Add eggs and vanilla.  Mix dry ingredients and add to batter.  Chill several hours or overnight.  Roll a heaping teaspoonful of batter into a ball, then roll in powdered sugar.

Sugared and ready to bake!

Sugared and ready to bake!

Bake at 350 degrees for 10 to 12 minutes, being careful not to overbake.

Pretty, nicely shaped cookies were the result!  I will be adding this recipe to my holiday baked goods list.

Pretty, nicely shaped cookies were the result! I will be adding this recipe to my holiday baked goods list.

These cookies, or Krinkles, earned rave reviews from our friends and from Nick, who kept snagging them off the cookie sheet when I wasn’t looking.  They were simple and speedy, with the exception of the time needed for chilling the batter, and they were delicious – just the right balance of sweetness and chocolate flavor.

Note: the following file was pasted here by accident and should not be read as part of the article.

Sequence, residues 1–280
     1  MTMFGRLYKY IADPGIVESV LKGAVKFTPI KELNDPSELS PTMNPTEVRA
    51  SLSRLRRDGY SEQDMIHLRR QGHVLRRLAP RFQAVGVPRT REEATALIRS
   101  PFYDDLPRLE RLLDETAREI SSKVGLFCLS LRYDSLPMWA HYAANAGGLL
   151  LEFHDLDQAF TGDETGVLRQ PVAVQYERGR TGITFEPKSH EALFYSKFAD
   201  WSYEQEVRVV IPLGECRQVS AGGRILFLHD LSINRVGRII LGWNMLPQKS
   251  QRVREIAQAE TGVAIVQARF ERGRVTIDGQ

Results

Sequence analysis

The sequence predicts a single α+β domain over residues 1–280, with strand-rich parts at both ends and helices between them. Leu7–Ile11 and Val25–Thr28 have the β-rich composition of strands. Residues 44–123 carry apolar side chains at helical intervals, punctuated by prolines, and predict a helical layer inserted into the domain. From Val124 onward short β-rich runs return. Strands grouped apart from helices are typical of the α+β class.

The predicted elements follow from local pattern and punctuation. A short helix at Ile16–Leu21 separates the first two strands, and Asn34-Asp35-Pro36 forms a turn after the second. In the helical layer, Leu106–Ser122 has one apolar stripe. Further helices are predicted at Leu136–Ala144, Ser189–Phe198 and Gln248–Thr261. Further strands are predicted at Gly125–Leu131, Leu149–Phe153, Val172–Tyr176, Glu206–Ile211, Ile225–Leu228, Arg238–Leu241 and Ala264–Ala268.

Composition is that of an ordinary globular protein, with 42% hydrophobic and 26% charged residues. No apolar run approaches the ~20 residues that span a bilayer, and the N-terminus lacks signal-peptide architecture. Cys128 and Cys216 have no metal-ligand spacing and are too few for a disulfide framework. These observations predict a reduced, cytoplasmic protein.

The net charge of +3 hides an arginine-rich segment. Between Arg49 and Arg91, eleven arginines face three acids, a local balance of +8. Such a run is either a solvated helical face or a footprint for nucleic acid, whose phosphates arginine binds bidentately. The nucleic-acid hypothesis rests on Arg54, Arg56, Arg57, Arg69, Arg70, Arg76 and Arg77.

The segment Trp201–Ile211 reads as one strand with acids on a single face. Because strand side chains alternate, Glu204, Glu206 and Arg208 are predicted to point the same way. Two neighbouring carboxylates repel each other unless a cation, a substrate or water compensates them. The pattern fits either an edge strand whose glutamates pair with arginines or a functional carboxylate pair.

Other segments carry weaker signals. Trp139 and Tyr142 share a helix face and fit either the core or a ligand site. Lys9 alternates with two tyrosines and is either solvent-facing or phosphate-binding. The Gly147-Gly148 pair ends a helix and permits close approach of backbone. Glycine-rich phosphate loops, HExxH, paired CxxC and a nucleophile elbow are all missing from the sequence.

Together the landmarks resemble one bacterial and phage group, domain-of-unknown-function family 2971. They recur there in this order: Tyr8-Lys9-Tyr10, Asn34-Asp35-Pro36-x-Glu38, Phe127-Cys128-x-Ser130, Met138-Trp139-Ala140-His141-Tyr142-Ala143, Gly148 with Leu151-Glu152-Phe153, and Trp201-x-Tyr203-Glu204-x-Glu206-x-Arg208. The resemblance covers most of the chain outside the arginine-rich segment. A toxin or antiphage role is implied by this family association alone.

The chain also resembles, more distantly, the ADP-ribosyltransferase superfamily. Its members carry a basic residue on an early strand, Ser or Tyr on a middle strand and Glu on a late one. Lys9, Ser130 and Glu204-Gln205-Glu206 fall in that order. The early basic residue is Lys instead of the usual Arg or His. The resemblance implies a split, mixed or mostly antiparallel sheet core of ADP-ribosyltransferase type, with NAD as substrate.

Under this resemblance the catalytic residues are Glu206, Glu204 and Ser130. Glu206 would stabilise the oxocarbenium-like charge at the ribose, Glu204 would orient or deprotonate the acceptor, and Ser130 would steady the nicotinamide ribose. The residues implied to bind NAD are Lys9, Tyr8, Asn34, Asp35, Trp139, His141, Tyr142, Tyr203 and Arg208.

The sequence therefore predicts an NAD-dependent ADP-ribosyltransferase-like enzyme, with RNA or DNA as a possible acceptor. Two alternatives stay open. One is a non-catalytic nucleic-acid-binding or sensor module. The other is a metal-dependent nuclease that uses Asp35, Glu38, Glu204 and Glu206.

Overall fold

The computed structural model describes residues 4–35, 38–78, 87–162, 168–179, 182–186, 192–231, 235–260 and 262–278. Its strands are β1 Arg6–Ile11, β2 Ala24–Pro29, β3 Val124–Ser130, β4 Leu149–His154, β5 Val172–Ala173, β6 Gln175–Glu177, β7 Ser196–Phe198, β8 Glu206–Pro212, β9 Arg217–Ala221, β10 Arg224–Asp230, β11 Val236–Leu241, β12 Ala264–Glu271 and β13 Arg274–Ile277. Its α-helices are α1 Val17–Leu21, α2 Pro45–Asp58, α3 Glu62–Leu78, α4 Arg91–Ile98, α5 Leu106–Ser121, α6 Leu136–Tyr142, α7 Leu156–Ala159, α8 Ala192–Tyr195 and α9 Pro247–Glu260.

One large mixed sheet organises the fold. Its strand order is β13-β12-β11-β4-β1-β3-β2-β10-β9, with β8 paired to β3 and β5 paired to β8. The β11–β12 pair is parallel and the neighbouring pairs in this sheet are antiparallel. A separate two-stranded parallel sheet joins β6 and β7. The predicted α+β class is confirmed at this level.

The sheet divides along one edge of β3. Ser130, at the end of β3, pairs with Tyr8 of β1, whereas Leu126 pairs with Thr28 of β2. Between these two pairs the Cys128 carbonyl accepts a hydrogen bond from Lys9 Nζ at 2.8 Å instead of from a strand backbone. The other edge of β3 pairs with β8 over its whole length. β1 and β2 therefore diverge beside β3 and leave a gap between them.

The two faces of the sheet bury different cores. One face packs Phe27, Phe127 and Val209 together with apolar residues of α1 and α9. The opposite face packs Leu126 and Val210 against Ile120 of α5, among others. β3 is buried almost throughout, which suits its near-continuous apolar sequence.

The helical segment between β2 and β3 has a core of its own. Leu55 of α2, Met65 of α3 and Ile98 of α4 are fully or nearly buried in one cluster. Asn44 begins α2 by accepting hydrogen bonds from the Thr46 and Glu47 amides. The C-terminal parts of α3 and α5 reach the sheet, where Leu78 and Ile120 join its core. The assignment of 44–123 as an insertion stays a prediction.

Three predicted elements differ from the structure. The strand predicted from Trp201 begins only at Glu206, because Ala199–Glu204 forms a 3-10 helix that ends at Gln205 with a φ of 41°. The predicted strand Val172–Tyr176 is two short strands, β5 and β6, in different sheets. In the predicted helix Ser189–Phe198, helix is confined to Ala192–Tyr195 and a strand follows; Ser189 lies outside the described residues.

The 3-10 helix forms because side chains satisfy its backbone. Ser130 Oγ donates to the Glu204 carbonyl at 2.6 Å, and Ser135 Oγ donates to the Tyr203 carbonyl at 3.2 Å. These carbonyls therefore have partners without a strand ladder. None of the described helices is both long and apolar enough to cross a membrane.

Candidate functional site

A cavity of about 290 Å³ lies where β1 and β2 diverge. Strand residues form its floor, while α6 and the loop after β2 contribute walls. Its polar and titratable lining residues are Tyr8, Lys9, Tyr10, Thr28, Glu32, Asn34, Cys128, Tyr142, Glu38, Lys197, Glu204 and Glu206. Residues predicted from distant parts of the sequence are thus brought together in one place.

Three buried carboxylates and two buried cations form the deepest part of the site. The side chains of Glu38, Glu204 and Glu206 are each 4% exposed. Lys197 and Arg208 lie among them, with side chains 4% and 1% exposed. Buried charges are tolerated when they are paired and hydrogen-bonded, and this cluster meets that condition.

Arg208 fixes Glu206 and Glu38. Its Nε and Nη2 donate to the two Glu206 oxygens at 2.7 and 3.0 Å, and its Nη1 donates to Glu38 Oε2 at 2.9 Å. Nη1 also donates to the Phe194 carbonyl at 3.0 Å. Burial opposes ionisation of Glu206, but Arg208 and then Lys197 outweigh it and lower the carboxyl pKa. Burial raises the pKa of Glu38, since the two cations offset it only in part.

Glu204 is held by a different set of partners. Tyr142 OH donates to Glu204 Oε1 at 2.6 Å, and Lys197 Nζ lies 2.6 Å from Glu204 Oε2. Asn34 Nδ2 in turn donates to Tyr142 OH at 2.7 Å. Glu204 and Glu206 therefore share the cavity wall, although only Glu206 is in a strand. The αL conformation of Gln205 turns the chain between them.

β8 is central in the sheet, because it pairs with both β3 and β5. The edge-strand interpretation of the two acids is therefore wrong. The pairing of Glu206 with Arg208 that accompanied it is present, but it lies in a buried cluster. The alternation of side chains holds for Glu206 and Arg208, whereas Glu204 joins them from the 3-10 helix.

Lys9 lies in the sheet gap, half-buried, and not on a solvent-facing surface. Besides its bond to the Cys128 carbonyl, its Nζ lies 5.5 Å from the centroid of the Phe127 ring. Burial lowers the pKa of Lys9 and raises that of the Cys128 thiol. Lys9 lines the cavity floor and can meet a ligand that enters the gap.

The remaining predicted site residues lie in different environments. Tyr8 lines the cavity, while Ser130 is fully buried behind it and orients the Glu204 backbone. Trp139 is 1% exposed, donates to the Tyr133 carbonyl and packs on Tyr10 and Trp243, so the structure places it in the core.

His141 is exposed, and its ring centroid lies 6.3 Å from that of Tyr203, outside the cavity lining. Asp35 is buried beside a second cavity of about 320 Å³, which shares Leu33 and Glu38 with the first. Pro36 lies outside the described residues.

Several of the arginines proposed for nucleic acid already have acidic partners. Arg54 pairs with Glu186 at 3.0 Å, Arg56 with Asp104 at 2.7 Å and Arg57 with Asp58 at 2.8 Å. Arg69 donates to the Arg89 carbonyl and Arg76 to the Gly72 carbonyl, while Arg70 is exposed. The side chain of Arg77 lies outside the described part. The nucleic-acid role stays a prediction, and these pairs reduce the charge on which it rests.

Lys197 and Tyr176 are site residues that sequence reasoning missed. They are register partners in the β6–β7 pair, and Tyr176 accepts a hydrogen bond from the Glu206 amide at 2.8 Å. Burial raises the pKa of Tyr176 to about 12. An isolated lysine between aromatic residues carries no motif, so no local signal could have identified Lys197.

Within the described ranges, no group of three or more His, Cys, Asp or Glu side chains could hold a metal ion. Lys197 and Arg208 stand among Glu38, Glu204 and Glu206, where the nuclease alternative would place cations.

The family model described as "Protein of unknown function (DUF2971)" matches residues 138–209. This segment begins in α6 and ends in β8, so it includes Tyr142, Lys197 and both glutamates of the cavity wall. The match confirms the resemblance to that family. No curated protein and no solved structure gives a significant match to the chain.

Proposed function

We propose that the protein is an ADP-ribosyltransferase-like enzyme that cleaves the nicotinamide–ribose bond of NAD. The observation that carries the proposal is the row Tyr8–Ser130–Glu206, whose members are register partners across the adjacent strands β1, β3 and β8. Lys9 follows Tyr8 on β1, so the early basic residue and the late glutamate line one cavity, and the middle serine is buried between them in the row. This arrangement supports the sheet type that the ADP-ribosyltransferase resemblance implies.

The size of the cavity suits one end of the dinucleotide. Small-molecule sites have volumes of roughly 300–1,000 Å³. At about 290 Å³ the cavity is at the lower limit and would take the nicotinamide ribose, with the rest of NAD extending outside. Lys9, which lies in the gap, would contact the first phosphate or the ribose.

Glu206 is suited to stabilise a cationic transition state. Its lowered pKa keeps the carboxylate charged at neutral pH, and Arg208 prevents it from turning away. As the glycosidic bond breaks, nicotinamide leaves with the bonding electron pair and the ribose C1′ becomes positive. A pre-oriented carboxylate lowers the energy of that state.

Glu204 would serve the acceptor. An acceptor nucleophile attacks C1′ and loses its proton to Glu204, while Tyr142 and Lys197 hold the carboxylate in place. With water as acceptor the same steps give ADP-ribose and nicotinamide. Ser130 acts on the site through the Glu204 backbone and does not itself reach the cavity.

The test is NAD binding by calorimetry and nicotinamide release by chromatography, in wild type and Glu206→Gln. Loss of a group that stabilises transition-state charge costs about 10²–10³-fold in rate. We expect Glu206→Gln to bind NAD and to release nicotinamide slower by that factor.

On an upcoming recipe note, one of my good friends from college now eats a gluten-free diet – and checks out my blog from time to time – so I’ve been keeping my eyes peeled for gluten-free recipes for both meals and baked goods.  It seems that Mainers must have an affinity for gluten, as so many recipes contain flour.  My patience has paid off, however, as I recently came across a blog post on The Gluten Exchange that is all about a gluten-free recipe for doughnuts that uses none other than Stonewall Kitchen’s gluten-free Cinnamon Sugar Doughnut Mix.  Talk about a match made in gluten-free heaven – Stonewall Kitchen is based in York, Maine.  So stay tuned for a series of upcoming posts – a weekly recipe featuring gluten-free doughnuts (and using my pretty new doughnut pan, pictured below) and one highlighting Stonewall Kitchen and their exceptional products.